The ONL course design builds on open, collaborative and networked learning practices and explores how a problem-based learning format can be utilized in an online learning environment.
In developing ONL we are drawing on the ideas and pedagogical frameworks such as Problem-Based Learning (PBL), Community of Inquiry (CoI) (Vaughan, Cleveland-Innes, Garrison, 2013) and Networked learning (McConnell, 2006). The key learning principles behind PBL that we try to put into play is to view learning as a constructive, collaborative, self-directed and contextual process (Dolmans et.al., 2005). As a part of the design, a model named FISh (Focus, Investigate, Share) is used for individual and group inquiry (Nerantzi & Uhlin, 2012). We believe that using the emerging ideas on Networked learning can be a way forward to design for PBL online. McConnell (2006) suggests that the following pedagogical areas must be addressed when designing networked learning courses:
- Openness in the educational process
- Self-determined learning
- A real purpose in the cooperative process
- A supportive learning environment
- Collaborative assessment of learning
- Assessment and evaluation of the ongoing learning process
By building on the frameworks of PBL and Networked learning, we want to further explore how these frameworks can be utilized to create open, collaborative and online learning environments. An intention in designing the course is to develop a community of practice that can enhance understanding of what personal learning networks and environments can mean and how these can be built. The course is built on the use of freely available social media tools that does not require extensive technical skills to be mastered and implemented.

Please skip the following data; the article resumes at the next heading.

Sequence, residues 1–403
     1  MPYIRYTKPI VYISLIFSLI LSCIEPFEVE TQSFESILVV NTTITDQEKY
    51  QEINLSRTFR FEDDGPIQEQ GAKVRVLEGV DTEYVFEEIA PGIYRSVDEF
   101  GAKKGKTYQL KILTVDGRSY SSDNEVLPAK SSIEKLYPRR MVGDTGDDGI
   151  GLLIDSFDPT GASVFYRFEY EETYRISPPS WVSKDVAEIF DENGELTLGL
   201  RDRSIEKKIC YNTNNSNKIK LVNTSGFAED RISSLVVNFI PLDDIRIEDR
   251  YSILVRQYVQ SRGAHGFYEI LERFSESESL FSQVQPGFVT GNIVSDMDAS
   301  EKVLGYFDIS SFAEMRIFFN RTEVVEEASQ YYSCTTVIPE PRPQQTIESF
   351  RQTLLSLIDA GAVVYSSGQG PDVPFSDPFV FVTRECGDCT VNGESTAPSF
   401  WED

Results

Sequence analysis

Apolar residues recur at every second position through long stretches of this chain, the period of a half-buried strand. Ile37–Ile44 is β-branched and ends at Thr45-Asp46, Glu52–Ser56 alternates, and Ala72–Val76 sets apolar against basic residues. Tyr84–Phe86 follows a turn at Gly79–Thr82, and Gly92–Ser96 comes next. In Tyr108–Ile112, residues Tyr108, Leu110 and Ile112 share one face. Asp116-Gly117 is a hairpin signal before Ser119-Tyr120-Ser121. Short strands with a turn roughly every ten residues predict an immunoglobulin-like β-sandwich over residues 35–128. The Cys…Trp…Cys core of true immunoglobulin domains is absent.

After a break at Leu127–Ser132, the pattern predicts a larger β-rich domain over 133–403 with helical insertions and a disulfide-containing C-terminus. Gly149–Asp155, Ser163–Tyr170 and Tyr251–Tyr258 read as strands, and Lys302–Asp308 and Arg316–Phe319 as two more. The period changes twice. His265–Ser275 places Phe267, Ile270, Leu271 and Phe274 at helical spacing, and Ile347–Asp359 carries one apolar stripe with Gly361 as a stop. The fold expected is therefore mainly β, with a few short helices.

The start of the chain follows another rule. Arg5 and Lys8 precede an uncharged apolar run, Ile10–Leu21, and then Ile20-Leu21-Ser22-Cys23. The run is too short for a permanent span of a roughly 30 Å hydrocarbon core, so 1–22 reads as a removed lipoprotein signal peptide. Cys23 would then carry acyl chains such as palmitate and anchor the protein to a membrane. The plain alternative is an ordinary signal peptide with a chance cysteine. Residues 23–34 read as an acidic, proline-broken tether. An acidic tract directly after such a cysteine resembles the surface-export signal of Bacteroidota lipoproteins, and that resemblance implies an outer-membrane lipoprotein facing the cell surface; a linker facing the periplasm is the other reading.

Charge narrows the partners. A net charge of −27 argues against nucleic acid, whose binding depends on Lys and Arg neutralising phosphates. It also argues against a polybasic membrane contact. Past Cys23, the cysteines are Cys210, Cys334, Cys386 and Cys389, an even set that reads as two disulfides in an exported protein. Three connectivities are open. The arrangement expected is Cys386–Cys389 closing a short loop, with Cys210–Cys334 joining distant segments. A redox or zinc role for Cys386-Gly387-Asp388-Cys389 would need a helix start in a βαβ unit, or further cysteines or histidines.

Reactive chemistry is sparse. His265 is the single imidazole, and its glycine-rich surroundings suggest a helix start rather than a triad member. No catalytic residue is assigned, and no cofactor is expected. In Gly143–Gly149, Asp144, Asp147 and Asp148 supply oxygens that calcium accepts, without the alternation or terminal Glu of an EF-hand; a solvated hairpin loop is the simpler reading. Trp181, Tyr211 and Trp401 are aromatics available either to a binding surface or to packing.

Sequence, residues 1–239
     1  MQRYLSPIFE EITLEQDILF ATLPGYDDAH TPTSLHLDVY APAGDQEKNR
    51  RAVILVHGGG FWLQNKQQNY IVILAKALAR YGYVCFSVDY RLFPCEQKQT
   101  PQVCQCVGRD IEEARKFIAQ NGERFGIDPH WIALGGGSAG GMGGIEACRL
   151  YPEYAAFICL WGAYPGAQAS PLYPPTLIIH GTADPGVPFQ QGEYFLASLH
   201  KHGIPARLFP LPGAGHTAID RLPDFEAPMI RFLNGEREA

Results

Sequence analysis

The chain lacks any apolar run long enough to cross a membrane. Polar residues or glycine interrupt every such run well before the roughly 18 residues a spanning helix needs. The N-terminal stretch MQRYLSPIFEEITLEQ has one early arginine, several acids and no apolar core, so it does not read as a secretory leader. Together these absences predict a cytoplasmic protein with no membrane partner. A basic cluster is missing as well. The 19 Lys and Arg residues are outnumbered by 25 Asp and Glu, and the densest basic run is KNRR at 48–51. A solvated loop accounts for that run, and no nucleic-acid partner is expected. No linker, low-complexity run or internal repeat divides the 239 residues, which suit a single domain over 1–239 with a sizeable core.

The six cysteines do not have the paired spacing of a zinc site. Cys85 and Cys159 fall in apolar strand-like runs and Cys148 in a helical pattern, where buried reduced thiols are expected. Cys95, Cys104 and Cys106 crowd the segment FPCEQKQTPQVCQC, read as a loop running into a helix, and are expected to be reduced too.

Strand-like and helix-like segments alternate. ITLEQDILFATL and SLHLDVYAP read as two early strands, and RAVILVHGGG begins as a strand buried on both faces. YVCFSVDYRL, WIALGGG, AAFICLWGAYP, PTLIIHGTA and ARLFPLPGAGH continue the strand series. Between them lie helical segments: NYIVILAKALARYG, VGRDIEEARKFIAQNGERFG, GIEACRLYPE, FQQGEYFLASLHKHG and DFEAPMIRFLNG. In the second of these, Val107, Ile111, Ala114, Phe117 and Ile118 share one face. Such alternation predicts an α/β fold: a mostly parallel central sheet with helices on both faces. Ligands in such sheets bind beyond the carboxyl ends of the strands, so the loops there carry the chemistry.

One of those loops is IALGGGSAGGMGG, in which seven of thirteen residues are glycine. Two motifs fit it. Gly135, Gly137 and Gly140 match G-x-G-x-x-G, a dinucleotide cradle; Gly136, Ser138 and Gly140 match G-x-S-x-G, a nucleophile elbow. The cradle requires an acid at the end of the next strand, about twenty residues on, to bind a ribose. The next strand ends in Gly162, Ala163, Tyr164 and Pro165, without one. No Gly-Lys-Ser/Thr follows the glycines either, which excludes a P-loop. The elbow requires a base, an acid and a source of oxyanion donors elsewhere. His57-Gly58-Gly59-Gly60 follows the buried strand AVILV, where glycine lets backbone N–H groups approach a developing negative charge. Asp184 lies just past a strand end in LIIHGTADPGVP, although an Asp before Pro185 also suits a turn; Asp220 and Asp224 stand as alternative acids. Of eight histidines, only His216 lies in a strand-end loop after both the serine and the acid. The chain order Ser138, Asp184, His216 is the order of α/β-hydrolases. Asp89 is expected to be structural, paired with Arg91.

References and suggested resources
Barrett, T. & Cashman, D. (Eds) (2010) A Practitioners’ Guide to Enquiry and Problem-based Learning. Dublin: UCD Teaching and Learning.
Creelman, A., Kvarnström, M., Paregis, J., Uhlin, L. & Åbjörnsson, L. (2022). Problem-Based Learning in International Online Groups. In: Hrastinski, S. (ed.) Designing Courses with Digital Technologies. Insights and examples from Higher Edication. Chapter 6. New York: Routledge.
Dolmans DH, De Grave W, Wolfhagen IH, van der Vleuten CP. Problem-based learning: future challenges for educational practice and research. Med Educ. 2005;39(7):732-741.
Hmelo-Silver, C. E. (2012). International Perspectives on Problem-based Learning: Contexts, Cultures, Challenges, and Adaptations. Interdisciplinary Journal of Problem-Based Learning, 6(1).
Kamp, R.J.A., Dolmans, D.H.J.M., van Berkel, H.J.M. et al (2012). The relationship between students’ small group activities, time spent on self-study, and achievement. High Educ 64: 385. https://doi.org/10.1007/s10734-011-9500-5
Kek, M. & Huijser, H. (2015). 21st century skills: problem based learning and the University of the Future. Paper Third 21st Century Academic Forum Conference, Harvard, Boston, USA.
Maastricht University – short introductory videos on PBL and underlying core priciples
– Problem-Based Learning – an overview (4,54 min)
– Contextual Learning (3,11 min)
– Constructive Learning (3,29 min)
– Collaborative Learning (3,18 min)
– Self-Directed Learning (3,22 min)
McConnel, D. (2006). E-learning groups and communities. Open University Press.
Nerantzi, C. (2012). A Case of Problem Based Learning for Cross-Institutional Collaboration. Electronic Journal of e-Learning, 10(3), 306-314.
Savin-Baden, M., (2014) Problem-based learning: New constellations for the 21stCentury. Journal of Excellence in College Teaching 25 (3/4) 197-219 (Preprint Savin-Baden JECT (3))